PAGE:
Since one apparently just can’t have enough parts of a multi-part blog post, why not one more?
Let’s depart slightly from the usual themes, because I want to talk about something that’s applicable to videos that are slightly more marketing oriented than your typical tutorial videos. Of course you could always make full-blown marketing videos if you want to, but I’m a technical guy, so I’ll stick with what I know.
I’m talking about animation. You know, the style with fancy computer-generated graphics moving around onscreen, without any live video at all.
With animation, some elements of the video, like creating a story, are just as important as ever. Other things I’ve written about earlier aren’t relevant though, like lighting, video camera placement, sound proofing, etc.
So in line with the previous styles we’ve looked at, which are (1) a pure slide-style and (2) putting yourself in the video in some way, let’s look at (3) the animation approach.
It turns out that’s not an easy question. Take a look at what Google returns when you search on “animation styles”:
Sounds like everyone is on the same page, right? So let me explain what I mean with some examples. I’m talking about that animated infographic style that basically looks like you could do it yourself with PowerPoint if you knew how PowerPoint animation works.
It’s obviously neither hand-drawn nor 3D animation. Instead it’s all lines, circles, squares, text boxes, etc. Even the animated people are made from geometric shapes. You see it a lot on YouTube ranging all the way from purely technical videos to purely marketing videos. For technical subjects it’s become especially popular lately as a way to showcase major software version updates.
So why not stick with the typical video styles I’ve talked about already? Well, every approach has both advantages and disadvantages.
One of the primary differences between technical and marketing viewpoints is that marketing needs to generate user interest almost from nothing, while a video on a technical subject is usually explicitly sought out by someone. For instance, they’ve already bought a product, and now they’re invested in learning how to use it.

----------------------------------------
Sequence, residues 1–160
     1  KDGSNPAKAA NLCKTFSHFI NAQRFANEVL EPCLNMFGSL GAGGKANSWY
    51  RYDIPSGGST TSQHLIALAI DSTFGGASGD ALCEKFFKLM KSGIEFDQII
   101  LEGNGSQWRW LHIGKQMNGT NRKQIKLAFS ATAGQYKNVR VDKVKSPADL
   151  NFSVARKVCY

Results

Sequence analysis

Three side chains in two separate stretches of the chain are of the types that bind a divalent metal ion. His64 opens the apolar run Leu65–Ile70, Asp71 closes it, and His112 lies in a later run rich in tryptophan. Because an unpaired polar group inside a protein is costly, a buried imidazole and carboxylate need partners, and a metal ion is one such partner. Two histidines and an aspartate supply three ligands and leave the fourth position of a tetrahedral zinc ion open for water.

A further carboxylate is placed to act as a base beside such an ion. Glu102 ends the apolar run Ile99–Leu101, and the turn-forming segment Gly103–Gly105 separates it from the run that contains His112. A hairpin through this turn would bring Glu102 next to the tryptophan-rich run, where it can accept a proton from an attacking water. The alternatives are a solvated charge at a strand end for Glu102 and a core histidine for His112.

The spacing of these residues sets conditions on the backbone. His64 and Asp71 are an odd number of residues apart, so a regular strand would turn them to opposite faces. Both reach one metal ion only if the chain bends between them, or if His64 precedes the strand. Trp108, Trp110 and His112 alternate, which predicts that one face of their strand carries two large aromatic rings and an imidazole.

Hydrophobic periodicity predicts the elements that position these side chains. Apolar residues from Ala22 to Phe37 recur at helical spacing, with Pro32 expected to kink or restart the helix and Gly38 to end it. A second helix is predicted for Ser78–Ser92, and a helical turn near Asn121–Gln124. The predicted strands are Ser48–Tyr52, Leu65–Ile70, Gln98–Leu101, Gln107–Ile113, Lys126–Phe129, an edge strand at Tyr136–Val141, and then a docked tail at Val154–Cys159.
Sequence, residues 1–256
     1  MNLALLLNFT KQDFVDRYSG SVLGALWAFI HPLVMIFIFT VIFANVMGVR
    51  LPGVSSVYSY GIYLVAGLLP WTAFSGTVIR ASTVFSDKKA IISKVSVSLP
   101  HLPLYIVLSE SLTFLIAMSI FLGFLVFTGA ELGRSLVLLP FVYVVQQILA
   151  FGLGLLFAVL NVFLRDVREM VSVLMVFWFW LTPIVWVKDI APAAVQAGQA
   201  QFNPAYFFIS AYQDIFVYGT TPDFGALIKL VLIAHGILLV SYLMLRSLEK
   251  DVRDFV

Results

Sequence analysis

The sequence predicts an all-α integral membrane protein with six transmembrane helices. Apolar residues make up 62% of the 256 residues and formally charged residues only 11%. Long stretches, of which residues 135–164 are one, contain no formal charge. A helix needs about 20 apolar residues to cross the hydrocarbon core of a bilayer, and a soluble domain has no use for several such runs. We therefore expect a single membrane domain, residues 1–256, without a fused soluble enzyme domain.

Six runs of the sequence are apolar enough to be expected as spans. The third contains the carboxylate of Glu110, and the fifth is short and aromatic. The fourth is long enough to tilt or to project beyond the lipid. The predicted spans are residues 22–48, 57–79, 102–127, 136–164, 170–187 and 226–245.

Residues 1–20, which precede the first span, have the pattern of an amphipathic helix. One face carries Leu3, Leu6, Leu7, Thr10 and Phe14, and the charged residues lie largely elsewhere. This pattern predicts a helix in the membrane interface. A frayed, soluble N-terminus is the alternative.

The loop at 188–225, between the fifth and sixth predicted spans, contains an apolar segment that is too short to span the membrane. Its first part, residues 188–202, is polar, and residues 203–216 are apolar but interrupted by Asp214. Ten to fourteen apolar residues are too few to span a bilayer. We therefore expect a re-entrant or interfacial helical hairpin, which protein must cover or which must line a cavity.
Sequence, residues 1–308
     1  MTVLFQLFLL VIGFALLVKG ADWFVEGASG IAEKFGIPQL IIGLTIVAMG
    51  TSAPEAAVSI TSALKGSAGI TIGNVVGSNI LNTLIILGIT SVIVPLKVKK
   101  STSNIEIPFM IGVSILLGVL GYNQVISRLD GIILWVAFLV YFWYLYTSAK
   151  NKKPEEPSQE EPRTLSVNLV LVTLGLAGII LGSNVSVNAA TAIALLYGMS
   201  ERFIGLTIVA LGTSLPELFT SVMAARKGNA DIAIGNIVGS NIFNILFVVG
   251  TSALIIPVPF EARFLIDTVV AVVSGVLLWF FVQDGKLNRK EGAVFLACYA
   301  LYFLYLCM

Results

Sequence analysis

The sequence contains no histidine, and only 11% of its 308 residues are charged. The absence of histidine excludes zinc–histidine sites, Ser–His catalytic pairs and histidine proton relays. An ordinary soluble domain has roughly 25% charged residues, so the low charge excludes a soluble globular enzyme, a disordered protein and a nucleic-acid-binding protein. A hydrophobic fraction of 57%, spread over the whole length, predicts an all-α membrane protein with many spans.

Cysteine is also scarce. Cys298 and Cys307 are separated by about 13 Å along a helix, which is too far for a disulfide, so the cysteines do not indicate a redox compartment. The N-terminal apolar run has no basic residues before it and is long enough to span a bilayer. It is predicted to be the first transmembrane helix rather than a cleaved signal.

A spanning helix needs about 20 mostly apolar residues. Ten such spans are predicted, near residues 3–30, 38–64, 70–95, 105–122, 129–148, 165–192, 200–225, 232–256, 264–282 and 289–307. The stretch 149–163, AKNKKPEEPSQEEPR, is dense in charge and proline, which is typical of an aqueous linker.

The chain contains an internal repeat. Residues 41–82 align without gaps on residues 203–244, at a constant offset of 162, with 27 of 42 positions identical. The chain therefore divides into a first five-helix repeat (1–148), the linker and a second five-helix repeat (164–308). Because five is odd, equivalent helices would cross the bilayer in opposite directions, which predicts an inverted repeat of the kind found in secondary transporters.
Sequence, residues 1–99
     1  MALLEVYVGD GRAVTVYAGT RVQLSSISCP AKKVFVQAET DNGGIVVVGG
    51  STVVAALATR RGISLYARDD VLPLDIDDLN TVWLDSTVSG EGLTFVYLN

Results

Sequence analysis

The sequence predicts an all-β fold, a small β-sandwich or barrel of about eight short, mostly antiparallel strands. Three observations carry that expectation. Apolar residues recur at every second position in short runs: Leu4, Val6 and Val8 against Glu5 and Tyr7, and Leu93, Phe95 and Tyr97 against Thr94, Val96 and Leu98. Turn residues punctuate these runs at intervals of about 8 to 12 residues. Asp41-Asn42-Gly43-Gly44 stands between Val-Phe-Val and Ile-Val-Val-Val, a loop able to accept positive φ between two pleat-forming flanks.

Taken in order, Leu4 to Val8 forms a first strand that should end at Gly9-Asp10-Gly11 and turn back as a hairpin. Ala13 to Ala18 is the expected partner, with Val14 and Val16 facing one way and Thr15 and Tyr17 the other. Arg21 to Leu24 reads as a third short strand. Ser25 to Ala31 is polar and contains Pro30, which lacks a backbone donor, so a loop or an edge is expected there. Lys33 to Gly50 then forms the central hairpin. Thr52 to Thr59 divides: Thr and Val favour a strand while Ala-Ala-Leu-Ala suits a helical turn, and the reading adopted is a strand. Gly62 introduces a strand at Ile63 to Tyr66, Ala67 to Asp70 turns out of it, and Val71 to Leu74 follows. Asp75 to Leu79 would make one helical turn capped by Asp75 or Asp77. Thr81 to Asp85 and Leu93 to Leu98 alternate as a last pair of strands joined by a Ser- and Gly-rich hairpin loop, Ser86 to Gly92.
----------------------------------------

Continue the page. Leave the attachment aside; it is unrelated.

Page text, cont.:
So there’s a significant deficit on the marketing side that needs to be made up, and as quickly as possible. If you, as a technical person, were to try to make a marketing video starring yourself, how many people do you think would click away in the first 5 seconds?
And given our assumption of making low budget videos, you’re not going to be able to hire an engaging person to be your star attraction. This is what animation brings to the table. It’s much easier using animation to get your audience engaged from the very beginning.
But it’s not just a great technique for pure marketing. Even if you want to include a lot of technical information, animation is great at letting you simplify and abstract away everything irrelevant so that your audience can quickly understand the main point.
On the other hand, for pure technical information, it will probably come across as distracting or even silly. And animation doesn’t mesh well with other technical methods like screencasting, or mixed with imagery such as real life pictures or videos.
And by that of course I mean without spending a lot of money. Here again we depend on two types of software tools: ones you already have, and ones that cost nothing or next to nothing.